Franz Xaver Scharwenka - Complete Piano Concertos
This despatch estimate is based on information from both our own stock and the UK supplier's stock.
If ordering multiple items, we will aim to send everything together so the longest despatch estimate will apply to the complete order.
If you would rather receive certain items more quickly, please place them on a separate order.
If any unexpected delays occur, we will keep you informed of progress via email and not allow other items on the order to be held up.
If you would prefer to receive everything together regardless of any delay, please let us know via email.
Pre-orders will be despatched as close as possible to the release date.
Cat No: CHAN108142
Number of Discs: 2
Release Date: 31st March 2014
WorksPiano Concerto no.1 in B flat minor, op.32
Piano Concerto no.2 in C minor, op.56
Piano Concerto no.3 in C sharp minor, op.80
Piano Concerto no.4 in F minor, op.82
ArtistsAlexander Markovich (piano)
Estonian National Symphony Orchestra
The Polish-born German composer Franz Xaver Scharwenka was a much lauded and beloved figure of late-nineteenth- and early-twentieth-century music. His four piano concertos are central works among his small output. With Neeme Järvi and the Estonian National Symphony Orchestra, Alexander Markovich has here recorded them together for the first time.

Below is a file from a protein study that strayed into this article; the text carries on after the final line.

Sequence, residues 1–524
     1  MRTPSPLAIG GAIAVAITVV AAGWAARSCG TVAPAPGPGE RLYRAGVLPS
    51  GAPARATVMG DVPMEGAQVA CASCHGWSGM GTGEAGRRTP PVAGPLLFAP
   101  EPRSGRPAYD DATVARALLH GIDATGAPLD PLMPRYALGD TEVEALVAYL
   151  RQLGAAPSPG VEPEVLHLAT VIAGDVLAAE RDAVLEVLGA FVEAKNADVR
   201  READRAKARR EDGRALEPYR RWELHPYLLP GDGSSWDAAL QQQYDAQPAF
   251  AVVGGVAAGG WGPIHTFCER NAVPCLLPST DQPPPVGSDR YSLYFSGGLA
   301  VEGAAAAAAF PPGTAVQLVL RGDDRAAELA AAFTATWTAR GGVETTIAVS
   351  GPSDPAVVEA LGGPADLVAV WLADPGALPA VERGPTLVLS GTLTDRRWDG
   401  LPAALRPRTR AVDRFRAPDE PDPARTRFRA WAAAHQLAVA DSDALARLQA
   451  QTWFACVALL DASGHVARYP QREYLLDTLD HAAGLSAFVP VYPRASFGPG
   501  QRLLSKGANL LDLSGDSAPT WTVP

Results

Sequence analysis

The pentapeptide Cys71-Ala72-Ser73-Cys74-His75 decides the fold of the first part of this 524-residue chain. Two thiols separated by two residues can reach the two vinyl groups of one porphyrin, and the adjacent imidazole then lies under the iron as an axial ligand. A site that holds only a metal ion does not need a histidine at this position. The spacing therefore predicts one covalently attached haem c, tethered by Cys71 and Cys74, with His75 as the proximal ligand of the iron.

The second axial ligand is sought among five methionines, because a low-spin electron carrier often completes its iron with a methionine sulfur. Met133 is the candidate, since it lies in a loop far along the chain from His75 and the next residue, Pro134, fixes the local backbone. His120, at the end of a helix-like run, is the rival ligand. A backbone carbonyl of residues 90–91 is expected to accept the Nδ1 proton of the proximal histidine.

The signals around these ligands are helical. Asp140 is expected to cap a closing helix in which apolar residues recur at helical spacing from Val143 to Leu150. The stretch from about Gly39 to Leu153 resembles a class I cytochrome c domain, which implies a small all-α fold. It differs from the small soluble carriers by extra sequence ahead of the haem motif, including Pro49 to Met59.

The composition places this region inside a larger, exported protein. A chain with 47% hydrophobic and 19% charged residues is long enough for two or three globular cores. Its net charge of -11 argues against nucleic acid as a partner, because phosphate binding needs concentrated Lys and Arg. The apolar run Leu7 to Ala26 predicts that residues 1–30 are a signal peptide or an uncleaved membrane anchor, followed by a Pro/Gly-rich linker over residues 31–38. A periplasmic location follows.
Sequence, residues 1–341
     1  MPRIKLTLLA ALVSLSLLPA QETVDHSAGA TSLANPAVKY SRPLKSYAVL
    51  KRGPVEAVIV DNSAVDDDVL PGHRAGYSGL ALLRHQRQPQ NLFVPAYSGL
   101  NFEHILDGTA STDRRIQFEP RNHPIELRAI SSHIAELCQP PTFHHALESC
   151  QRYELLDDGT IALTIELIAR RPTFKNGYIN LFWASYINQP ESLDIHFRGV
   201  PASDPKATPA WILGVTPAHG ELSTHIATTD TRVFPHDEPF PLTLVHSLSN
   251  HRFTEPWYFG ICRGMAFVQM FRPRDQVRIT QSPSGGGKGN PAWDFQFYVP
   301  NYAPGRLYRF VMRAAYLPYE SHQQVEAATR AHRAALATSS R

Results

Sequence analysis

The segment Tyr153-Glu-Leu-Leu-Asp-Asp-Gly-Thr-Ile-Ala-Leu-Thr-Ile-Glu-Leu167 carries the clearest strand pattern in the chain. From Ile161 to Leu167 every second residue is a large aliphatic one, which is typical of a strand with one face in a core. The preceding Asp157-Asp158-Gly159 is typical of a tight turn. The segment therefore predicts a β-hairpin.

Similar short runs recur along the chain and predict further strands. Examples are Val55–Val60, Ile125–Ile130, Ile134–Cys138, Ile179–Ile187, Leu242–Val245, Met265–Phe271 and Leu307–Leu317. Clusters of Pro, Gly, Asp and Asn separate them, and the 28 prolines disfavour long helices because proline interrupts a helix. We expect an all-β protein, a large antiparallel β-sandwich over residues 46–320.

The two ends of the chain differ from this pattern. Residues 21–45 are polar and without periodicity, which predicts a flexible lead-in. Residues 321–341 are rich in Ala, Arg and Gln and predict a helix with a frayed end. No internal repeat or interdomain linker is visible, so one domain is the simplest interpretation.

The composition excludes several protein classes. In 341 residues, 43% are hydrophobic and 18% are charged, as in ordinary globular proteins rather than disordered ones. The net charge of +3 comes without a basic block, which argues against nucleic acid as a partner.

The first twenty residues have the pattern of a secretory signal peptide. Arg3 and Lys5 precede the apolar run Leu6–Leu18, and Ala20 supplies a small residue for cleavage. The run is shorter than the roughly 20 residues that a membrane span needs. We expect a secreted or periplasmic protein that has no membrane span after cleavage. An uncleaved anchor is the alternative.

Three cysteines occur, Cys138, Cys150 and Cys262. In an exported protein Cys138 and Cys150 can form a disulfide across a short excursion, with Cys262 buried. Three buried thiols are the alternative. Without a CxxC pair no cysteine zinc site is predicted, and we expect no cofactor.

The Piano Concerto No.1 was dedicated to Liszt and brought Scharwenka great renown. Originally conceived as a solo piano Fantasy, it was reworked as a piano concerto which in its content, despite a seemingly conventional three-movement structure, reflects its origin as a fantasia.
The Second Piano Concerto seems to represent a step back stylistically, echoing the conservative style of Brahms. However, the influence of his native Poland can also be heard in allusions to Chopin as well as in Polish dance elements in the finale. The Third Concerto, in C sharp minor, opens with impressively powerful music reflective of this key signature, but in its highly romantic way it also introduces delicate and lyrical passages.
Perhaps the finest of the concertos, the Fourth, was met with astonishing enthusiasm at its premiere in 1908. It is an enormously varied work, a quality typified in the ‘roller-coaster’ first movement which moves rapidly from one expressive world to another.
Error on this page? Let us know here
Need more information on this product? Click here